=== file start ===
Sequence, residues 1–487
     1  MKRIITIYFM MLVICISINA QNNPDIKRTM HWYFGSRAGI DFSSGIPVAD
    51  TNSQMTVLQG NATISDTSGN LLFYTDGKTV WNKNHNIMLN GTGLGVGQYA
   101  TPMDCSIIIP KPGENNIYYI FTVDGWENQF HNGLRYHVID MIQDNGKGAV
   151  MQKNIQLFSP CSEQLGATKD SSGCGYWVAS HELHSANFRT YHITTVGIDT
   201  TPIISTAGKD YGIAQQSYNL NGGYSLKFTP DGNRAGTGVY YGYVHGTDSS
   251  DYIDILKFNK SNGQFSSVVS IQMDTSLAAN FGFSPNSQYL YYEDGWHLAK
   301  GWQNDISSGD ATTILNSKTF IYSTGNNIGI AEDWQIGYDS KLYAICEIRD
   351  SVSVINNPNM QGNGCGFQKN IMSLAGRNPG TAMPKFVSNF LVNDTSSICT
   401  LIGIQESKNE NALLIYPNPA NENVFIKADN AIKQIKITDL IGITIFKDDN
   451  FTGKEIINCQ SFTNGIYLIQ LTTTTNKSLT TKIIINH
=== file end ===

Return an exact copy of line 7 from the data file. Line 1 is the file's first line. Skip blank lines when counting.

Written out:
   251  DYIDILKFNK SNGQFSSVVS IQMDTSLAAN FGFSPNSQYL YYEDGWHLAK